Cramer's Mad Money - The Wal-Marts of Healthcare (3/6/09)

by: Miriam Metzinger

Stocks discussed on the in-depth session of Jim Cramer's Mad Money TV Program, Friday March 6.

The Wal-Marts of Healthcare: Becton Dickinson (NYSE:BDX), and Baxter (NYSE:BAX)

Obama's Medicare reforms brought down the healthcare sector, flattening stocks once regarded as recession-resistant. However, two names may end up surviving Obama's healthcare reforms: Becton Dickinson and Baxter. Cramer called these companies "the Wal-Marts of healthcare" because they make essential equipment and products which will continue to be purchased even as times get tough. Becton Dickinson gets 58% and Baxter gets 37% of revenues from hospital supplies which always need to be replenished. These include syringes, needles, scalpels and drug items. Thirty percent of BDX's revenues come from diagnostics and only 6% from "extras." A large portion of Baxter's revenues are derived treatments for hemophilia, immune deficiencies and cancer; these are a far cry from the high-cost drugs Obama's reforms may threaten. Baxter also makes IV care products and injectible drugs, which are required for many different procedures. While both reported decent quarters, Baxter was a bit light on revenues. However, both companies should perform well in 2009. Cramer noted both Baxter and Becton Dickinson's multiples are at historic lows, and would go ahead and buy.

Any Good News? Wal-Mart (NYSE:WMT), Big Lots (NYSE:BIG), Family Dollar (NYSE:FDO), Qualcomm (NASDAQ:QCOM), Hewlett Packard (NYSE:HPQ), Coca Cola (NYSE:KO), Kimberly Clark (NYSE:KMB)
With 8.1% unemployment, a 40% decline in domestic car sales and Citigroup shares trading at only a dollar, there is every reason to expect the worst. While the bad may outweigh the good in the current climate, Cramer pointed out a few good stories to take an edge off of a bleak economic outlook.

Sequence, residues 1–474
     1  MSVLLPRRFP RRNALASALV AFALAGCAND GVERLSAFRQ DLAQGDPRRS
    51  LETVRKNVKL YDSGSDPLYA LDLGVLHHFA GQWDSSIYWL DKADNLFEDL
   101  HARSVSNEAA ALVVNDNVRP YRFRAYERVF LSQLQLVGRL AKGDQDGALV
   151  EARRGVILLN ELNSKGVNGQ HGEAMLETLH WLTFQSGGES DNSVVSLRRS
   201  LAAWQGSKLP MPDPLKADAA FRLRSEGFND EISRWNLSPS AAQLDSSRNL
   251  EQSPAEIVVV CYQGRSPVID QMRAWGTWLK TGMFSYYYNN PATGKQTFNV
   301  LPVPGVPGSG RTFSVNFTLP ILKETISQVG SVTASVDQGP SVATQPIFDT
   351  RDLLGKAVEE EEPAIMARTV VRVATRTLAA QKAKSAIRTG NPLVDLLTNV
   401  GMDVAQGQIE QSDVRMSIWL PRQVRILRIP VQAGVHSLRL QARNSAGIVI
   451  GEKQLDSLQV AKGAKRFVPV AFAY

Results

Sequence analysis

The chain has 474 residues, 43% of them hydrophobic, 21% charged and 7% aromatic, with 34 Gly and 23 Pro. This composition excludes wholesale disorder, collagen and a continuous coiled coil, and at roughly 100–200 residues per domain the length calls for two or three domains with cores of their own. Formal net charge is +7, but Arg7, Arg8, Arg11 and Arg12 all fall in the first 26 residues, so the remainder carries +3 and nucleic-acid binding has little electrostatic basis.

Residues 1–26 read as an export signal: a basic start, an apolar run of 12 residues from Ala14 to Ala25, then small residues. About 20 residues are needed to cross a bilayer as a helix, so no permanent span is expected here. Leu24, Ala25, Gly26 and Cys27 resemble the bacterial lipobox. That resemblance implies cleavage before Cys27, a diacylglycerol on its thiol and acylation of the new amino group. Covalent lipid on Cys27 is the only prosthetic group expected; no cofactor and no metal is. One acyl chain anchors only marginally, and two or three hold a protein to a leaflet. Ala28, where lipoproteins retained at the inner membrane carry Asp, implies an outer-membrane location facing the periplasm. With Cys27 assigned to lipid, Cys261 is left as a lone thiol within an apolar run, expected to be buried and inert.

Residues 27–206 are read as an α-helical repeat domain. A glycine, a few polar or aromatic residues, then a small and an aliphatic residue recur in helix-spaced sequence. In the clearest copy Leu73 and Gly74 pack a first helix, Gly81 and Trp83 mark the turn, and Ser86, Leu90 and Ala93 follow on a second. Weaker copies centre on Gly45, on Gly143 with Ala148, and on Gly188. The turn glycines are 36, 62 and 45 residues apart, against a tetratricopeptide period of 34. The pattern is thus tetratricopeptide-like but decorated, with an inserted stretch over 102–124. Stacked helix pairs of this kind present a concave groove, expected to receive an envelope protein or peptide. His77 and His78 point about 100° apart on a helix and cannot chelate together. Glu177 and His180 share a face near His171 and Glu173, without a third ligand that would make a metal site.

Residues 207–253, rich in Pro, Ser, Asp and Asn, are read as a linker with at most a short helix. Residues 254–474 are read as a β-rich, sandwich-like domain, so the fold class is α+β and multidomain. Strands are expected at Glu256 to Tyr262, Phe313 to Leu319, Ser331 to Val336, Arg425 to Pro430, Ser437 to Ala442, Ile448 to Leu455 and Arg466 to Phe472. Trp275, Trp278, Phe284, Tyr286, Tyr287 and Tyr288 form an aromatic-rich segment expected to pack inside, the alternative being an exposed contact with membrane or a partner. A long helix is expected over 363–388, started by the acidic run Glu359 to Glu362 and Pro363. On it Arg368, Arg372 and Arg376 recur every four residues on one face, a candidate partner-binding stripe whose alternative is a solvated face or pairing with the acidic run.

1. Retail: Wal-Mart's same-store sales were better in February than they were in December. Big Lots and Family Dollar are also strong. Sure, these are tradedown plays, but in a deep recession, even these stores would be feeling the pain.

2. Tech: Semiconductors' inventories are growing smaller and Qualcomm's estimates were raised because chips are doing better thane expected. While there is some doubt about the health of end-markets (Hewlett Packard CEO Mark Hurd is not optimistic), the Philadelphia Stock Exchange semiconductor index was up over a terrible December.

3. Commodities: Copper is on the rise, oil has stopped dropping and there is increasing demand for metals. While China, not the U.S., is fueling demand, at least it is good news for American companies.

4. Dividends: Some companies, such as Coca-Cola and Kimberly Clark are actually raising their yields.

While further decline is all but inevitable, Cramer thinks the White House can lessen the pain by focusing on housing and unemployment and Treasury Secretary Tim Geithner could at least provide more visible leadership and outline a coherent plan of action.

Cramer's Outrage: Proshares Ultrashort Financials ETF (NYSEARCA:SKF) with Bank of America (NYSE:BAC), Citigroup (NYSE:C), US Bancorp (NYSE:USB), Wells Fargo (NYSE:WFC)

Cramer called again for a ban of Ultrashort ETFs, particularly SKF which gives one short dollar the impact of three and kicks banks like Citigroup, Bank of America, U.S. Bancorp and Wells Fargo when they are already down. Ultrashorts get by essential SEC rules and are wrecking the financial system. Cramer thinks these ETFs should not exist.

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